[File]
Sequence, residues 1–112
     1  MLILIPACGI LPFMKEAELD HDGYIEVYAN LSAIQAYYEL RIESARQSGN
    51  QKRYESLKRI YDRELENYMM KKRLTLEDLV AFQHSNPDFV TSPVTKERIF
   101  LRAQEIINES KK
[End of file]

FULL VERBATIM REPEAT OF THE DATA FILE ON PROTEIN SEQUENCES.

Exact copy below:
Sequence, residues 1–112
     1  MLILIPACGI LPFMKEAELD HDGYIEVYAN LSAIQAYYEL RIESARQSGN
    51  QKRYESLKRI YDRELENYMM KKRLTLEDLV AFQHSNPDFV TSPVTKERIF
   101  LRAQEIINES KK